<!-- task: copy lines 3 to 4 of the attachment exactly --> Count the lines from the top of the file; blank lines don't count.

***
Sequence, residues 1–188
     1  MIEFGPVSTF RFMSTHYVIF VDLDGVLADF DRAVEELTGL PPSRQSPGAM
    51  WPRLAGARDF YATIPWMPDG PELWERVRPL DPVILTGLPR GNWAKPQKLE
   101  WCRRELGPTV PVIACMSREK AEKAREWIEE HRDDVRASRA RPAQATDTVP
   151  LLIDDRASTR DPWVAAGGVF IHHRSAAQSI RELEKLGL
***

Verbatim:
    51  WPRLAGARDF YATIPWMPDG PELWERVRPL DPVILTGLPR GNWAKPQKLE
   101  WCRRELGPTV PVIACMSREK AEKAREWIEE HRDDVRASRA RPAQATDTVP